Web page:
Forbes has released its annual franchise valuation package. In short: it’s good to own a ballclub:
The average Major League Baseball team rose 16% in value during the past year, to an all-time high of $605 million. In 2011, revenue (net of payments to cover stadium debt) for the league’s 30 teams climbed to an average of $212 million, a 3.4% gain over the previous season.
Obviously some teams do better than others, but that’s pretty healthy growth. And where is all of that value and dough coming from? Local TV:
Rights fees paid by cable television channels are behind the growth in team values. Aggregate cable television revenue for baseball’s 30 teams has increased to $923 million from $328 million over the past 10 years.
And that’s only going to increase — to as high as $1.5 billion by 2015, Forbes estimates — as new deals for the Angels, Rangers, Astros, Padres and Dodgers kick in.
Driving all of this is your DVR, which has devalued advertising for most programming, but which largely doesn’t impact live sports because people really like to watch live sports live. That has sent rights fees skyrocketing as Fox, Comcast and others have been willing to pony up big to show content with commercials people will actually watch. This is almost an almost exclusively local phenomenon too, as national rights have not been up for bid for a while and won’t be until next year.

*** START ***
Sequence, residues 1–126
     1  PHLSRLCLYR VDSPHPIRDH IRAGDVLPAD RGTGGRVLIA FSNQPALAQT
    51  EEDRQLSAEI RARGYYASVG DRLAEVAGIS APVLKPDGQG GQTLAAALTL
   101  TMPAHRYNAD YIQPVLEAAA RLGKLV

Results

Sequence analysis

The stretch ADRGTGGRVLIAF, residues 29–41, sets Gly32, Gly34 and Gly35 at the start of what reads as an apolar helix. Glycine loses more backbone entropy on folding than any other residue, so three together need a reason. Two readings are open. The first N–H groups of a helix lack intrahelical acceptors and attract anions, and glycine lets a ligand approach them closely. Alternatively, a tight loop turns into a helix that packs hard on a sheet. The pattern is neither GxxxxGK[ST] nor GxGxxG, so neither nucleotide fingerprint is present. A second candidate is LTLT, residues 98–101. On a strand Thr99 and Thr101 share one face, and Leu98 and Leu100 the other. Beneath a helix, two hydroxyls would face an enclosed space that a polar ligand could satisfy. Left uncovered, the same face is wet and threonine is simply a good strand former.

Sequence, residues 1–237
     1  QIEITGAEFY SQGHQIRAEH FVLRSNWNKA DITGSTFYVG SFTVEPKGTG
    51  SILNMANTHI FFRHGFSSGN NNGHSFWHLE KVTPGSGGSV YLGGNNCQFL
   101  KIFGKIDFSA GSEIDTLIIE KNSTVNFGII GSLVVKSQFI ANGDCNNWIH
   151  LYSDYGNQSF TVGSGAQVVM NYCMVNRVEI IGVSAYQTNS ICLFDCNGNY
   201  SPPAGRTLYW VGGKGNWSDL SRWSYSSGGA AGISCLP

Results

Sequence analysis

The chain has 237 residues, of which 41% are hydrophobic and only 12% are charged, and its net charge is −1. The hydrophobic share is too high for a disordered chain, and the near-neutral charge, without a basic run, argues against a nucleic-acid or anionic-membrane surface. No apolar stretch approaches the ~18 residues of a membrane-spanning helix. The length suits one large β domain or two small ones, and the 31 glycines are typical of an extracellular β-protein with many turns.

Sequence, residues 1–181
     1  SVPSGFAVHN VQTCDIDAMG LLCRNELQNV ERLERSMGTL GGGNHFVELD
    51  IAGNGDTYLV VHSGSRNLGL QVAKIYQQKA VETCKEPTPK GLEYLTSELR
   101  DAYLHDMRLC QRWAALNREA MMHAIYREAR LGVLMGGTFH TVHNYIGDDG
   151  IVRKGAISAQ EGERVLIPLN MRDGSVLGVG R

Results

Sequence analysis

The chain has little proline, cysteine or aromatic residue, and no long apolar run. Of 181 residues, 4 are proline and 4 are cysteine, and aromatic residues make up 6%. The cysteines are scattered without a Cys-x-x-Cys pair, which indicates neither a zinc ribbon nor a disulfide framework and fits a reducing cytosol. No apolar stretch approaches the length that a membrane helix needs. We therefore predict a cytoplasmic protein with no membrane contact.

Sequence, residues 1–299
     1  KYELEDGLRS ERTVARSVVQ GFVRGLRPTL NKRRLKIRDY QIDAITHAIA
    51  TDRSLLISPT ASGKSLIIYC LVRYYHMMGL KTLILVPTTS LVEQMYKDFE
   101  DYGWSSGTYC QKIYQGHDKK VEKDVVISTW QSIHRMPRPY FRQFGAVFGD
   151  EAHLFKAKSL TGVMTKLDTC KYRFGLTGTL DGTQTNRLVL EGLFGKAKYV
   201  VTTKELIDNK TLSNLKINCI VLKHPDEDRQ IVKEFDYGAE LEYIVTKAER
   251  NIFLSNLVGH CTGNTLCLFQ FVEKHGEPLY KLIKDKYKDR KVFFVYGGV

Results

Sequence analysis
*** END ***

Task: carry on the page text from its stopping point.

Which, by the way, is another reason why anyone slamming baseball this fall over its abysmal national ratings and claiming that the sport is in trouble compared to the NFL has no idea what they’re talking about.
As you get ready for Memorial Day weekend and whatever it entails for you and yours, take some time to read an excellent article from Mike Bates over at The Hardball Times.
The article is about Eddie Grant. You probably never heard of him. He was a journeyman infielder — often a backup — from 1905 through 1915. If you have heard of him, it was likely not for his baseball exploits, however: it was because he was the first active baseball player to die in combat, killed in the Battle of the Argonne Forest in October 1915.
Michael tells us about more than Grant’s death, however. He provides a great overview of his life and career. And notes that Grant didn’t even have to go to war if he didn’t want to. He was 34, had the chance to coach or manage and had a law degree and the potential to make a lot of money following his baseball career. He volunteered, however, for both patriotic and personal reasons. And it cost him his life.
Must-read stuff indeed. Especially this weekend.
The Cleveland Indians will unveil a Frank Robinson statue at Progressive Field on Saturday.
Robinson’s tenure in Cleveland was not long, but it was historic. On April 8, 1975, he became the first African-American manager in Major League history. He was a player-manager. One of the last ones, in fact. He spent two years in that role and then a third year — a partial year anyway — as a manager only. Robinson would go on to manage the Giants, Orioles and the Expos/Nationals, compiling a career record of 1065-1176 in 16 seasons. He is now a top MLB executive.
Robinson was, of course, a Hall of Fame player as well, lodging 21 seasons for the Reds, Orioles, Dodgers, Angels and Indians. He won two MVP awards and hit for the Triple Crown in 1966. Overall he hit 586 home runs – 10th all time – and was inducted into the Baseball Hall of Fame in 1982. For an inner-circle Hall of Famer with that kind of resume he is still, strangely enough, underrated. I guess that happens when your contemporaries are Willie Mays, Hank Aaron and Mickey Mantle.
Anyway, congrats to Frank Robinson for yet another well-deserved honor in a career full of them.